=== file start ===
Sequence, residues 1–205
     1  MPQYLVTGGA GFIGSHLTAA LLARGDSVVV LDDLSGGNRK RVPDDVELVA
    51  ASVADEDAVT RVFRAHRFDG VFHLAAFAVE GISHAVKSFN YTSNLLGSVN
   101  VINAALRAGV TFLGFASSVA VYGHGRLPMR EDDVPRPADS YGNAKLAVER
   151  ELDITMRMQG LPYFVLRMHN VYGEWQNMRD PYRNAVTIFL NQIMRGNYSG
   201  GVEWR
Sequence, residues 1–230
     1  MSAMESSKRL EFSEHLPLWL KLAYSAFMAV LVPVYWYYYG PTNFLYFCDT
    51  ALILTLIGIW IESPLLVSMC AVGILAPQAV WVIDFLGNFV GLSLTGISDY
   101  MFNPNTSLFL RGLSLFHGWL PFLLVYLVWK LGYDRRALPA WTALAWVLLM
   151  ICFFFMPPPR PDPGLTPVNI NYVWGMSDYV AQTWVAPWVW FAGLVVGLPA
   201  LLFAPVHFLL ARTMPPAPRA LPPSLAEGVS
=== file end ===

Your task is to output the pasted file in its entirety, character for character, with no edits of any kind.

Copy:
Sequence, residues 1–205
     1  MPQYLVTGGA GFIGSHLTAA LLARGDSVVV LDDLSGGNRK RVPDDVELVA
    51  ASVADEDAVT RVFRAHRFDG VFHLAAFAVE GISHAVKSFN YTSNLLGSVN
   101  VINAALRAGV TFLGFASSVA VYGHGRLPMR EDDVPRPADS YGNAKLAVER
   151  ELDITMRMQG LPYFVLRMHN VYGEWQNMRD PYRNAVTIFL NQIMRGNYSG
   201  GVEWR
Sequence, residues 1–230
     1  MSAMESSKRL EFSEHLPLWL KLAYSAFMAV LVPVYWYYYG PTNFLYFCDT
    51  ALILTLIGIW IESPLLVSMC AVGILAPQAV WVIDFLGNFV GLSLTGISDY
   101  MFNPNTSLFL RGLSLFHGWL PFLLVYLVWK LGYDRRALPA WTALAWVLLM
   151  ICFFFMPPPR PDPGLTPVNI NYVWGMSDYV AQTWVAPWVW FAGLVVGLPA
   201  LLFAPVHFLL ARTMPPAPRA LPPSLAEGVS